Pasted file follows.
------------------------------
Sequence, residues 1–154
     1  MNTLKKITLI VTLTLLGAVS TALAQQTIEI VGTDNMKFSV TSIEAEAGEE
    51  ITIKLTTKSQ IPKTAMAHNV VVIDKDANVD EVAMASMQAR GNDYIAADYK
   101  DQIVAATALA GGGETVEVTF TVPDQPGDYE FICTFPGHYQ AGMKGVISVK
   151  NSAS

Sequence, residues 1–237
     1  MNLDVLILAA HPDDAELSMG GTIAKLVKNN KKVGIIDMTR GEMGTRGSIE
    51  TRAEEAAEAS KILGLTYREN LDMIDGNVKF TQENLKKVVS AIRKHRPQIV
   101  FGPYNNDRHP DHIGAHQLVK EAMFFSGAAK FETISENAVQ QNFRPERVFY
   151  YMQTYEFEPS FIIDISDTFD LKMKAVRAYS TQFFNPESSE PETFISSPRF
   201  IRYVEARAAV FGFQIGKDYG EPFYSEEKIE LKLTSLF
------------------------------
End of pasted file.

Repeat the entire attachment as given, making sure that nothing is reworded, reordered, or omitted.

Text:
Sequence, residues 1–154
     1  MNTLKKITLI VTLTLLGAVS TALAQQTIEI VGTDNMKFSV TSIEAEAGEE
    51  ITIKLTTKSQ IPKTAMAHNV VVIDKDANVD EVAMASMQAR GNDYIAADYK
   101  DQIVAATALA GGGETVEVTF TVPDQPGDYE FICTFPGHYQ AGMKGVISVK
   151  NSAS

Sequence, residues 1–237
     1  MNLDVLILAA HPDDAELSMG GTIAKLVKNN KKVGIIDMTR GEMGTRGSIE
    51  TRAEEAAEAS KILGLTYREN LDMIDGNVKF TQENLKKVVS AIRKHRPQIV
   101  FGPYNNDRHP DHIGAHQLVK EAMFFSGAAK FETISENAVQ QNFRPERVFY
   151  YMQTYEFEPS FIIDISDTFD LKMKAVRAYS TQFFNPESSE PETFISSPRF
   201  IRYVEARAAV FGFQIGKDYG EPFYSEEKIE LKLTSLF